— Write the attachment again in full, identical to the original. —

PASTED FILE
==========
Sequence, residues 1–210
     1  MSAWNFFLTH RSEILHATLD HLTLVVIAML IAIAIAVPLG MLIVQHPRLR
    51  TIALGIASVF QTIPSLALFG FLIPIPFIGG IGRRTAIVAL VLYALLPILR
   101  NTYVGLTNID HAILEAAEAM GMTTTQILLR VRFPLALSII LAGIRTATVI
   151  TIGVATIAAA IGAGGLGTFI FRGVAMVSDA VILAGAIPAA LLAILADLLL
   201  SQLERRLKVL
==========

Sequence, residues 1–210
     1  MSAWNFFLTH RSEILHATLD HLTLVVIAML IAIAIAVPLG MLIVQHPRLR
    51  TIALGIASVF QTIPSLALFG FLIPIPFIGG IGRRTAIVAL VLYALLPILR
   101  NTYVGLTNID HAILEAAEAM GMTTTQILLR VRFPLALSII LAGIRTATVI
   151  TIGVATIAAA IGAGGLGTFI FRGVAMVSDA VILAGAIPAA LLAILADLLL
   201  SQLERRLKVL